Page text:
top of page
  • Writer's pictureJason Sheck

Gold Country and the Yuba River

We headed to lower elevation for this trip, and into a part of California often referred to as "Gold Country". Yes, the Gold Country the San Francisco 49ers are named for and the "gold in them there hills" that sparked a westward migration of pioneers and settlers starting after a gold strike in 1849.

We left CA HWY 20 near Washington, CA and for the most part worked our way along the north side of the the South Fork of the Yuba River. The weather hovered around 70 degrees and sunny the whole time we were in the area. Our first stop was for lunch at a little picnic ground just east of Washington. We were visited by a camper's dog a couple times while we sat on a rock in the middle of the river and ate our lunches. The dog was well behaved, and its people tried coaxing it back to shore, pretty successfully. Visits from four-legged friends are always nice.

After lunch we started working our way west following the river on forest roads. Our first stop was a trailhead where we got out and took a 4-something mile hike. We don't know the actual distance because the walls of the canyon were steep enough to interrupt the GPS signal. The hike was fun but buggy. The terrain was actually Oregon rain forest like in a few spots, at least in April. On our hike we were passing through an area that had been heavily mined over 100 years ago, so the destruction had been covered up by new growth. I say "destruction" because hydraulic mining was used in this area. I am no mining expert, but I've gathered they took high pressure water and blasted the embankments so they released large volumes of sediment. That sediment would travel into the river and downstream until it passed through a sluice, where the gold was captured in a series of screens (gold being heavy it settled out faster than the dirt). Hydraulic mining eventually ended in CA when the farmers dependent on the water from rivers like the Yuba became unusable from this process, and peoples' attitudes toward the environment started shifting away from consumption toward conservation.

What the mining industry left behind was roads, buildings, and structures. We followed one of those roads to a ghost town that has been somewhat preserved (North Bloomfield). We've been to ghost towns, and if you've never been to Bodie, CA, go. This ghost town wasn't as exciting that so we moved on. From there, the road went back down into the canyon and crossed the river twice before making its way into the Nevada City area. The one lane bridges built long ago as still in use today.

The route was never rougher than barely unmaintained road. Most vehicles would have been able to make it down the roads we took, though a few spots would be tricky for lower cars. 4WD was not needed since the roads were dry and most of the snow was gone (or was never there).

What did I learn?

Always stop and explore. Between the amazing little water fall we came across in the Feather River Canyon that had an incredible aroma, and the natural infinity pool shown below. getting out and checking something out is almost always rewarding.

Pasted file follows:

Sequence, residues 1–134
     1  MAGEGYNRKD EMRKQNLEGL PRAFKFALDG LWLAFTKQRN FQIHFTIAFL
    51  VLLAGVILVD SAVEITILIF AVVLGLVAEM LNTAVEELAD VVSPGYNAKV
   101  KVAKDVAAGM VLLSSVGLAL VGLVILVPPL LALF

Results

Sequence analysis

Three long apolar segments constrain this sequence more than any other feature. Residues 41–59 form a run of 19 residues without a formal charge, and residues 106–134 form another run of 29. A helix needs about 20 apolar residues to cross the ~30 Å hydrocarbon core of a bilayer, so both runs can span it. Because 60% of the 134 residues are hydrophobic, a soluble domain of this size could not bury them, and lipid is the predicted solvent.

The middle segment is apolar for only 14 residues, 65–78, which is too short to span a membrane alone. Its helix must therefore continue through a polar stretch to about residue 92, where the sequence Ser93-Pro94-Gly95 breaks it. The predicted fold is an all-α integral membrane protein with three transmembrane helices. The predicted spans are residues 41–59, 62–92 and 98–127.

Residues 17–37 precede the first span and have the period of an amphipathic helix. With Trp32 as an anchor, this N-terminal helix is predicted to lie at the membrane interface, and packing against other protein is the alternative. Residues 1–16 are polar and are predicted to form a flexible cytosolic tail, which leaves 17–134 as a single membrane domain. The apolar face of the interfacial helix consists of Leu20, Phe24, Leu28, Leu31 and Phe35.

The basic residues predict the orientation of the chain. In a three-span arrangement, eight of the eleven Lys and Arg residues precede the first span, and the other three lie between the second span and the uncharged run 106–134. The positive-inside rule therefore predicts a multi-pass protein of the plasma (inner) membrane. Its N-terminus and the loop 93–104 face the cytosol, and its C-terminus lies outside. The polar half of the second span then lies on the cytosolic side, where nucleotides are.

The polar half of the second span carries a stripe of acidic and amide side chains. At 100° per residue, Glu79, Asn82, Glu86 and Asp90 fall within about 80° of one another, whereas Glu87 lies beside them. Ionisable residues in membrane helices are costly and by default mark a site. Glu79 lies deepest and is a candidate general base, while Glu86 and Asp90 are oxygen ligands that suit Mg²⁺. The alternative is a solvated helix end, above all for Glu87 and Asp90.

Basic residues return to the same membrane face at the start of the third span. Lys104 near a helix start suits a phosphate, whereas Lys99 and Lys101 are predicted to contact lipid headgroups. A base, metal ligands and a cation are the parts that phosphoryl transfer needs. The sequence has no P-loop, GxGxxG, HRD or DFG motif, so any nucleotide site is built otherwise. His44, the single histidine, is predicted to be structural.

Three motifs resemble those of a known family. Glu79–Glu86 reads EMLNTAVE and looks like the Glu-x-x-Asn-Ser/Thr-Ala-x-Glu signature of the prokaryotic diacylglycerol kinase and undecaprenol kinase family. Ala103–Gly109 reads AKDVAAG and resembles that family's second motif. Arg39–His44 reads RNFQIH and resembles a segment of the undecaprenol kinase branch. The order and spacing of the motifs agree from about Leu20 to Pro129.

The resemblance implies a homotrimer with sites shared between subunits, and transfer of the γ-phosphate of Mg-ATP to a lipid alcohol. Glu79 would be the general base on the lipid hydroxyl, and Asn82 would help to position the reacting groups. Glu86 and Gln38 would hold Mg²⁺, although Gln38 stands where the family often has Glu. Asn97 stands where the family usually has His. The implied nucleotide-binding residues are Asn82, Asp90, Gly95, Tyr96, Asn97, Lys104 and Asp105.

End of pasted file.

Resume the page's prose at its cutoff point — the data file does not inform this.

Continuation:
A little creek coming down to the South Fork.

The bridge we crossed on the way to our picnic site.

Not a bad place for a picnic, very quiet, water moving by, sunny and warm...

The slippery locals guarding the trailhead of The South Yuba Trail. These are weird little creatures...the males do pushups to impress the females. The females rarely seem impressed.

A little shot of the trail. Not all of it was right along the river, but the parts that were are incredible.

If you look close, you can see a rock wall in the water. It's only my speculation, but I think the rock wall was directing water into the sluice...many years ago.

This is what gold mining looks like in CA and parts of the West today (there are still some huge strip mines in places like Nevada, but I am focusing on the CA river areas). Individuals can stake their claim and record it with the federal government. There are different types of claims, but in general the claim doesn't mean you own the land. It means you can set up and operate your gold mining operation within the claim. While you're working the claim, you can prevent people from passing through the area but when you're not there the public can use the land like most public land. The exception being the public can't mine or pan for gold. Make sense? Any questions you can ask Lucky Bob.

I don't know that I'll ever know, but part of me wonders if all those smooth round rocks came down the embankment during the mining activities, or if the river has always been lined with them.

The view as we worked our way west. The land is a checkboard of publicly and privately owned land here so the parts of it are logged, and parts of it are preserved (possibly to log later?)

Here's the little bend in the road where we decided to explore.

What we found was incredible! In warmer weather you could probably sit in this pool and feel like royalty! The drop off was probably 15-20' so you feel like you're flying when you crouch down up there.

Trying, maybe pathetically, to capture the feeling of being in the infinity pool.

This was called a "monitor." It was used to blast the embankments with water to release gold-laden sediment that could be further processed in the river. Imagine bringing this to a water balloon fight.

The old crossings...still used today.

28 views1 comment

Recent Posts

See All

1 коментар

Pam Settergren Hauer
Pam Settergren Hauer
16 квіт. 2021 р.

Very interesting, Jason. I am amazed that there is still equipment from the mining.

bottom of page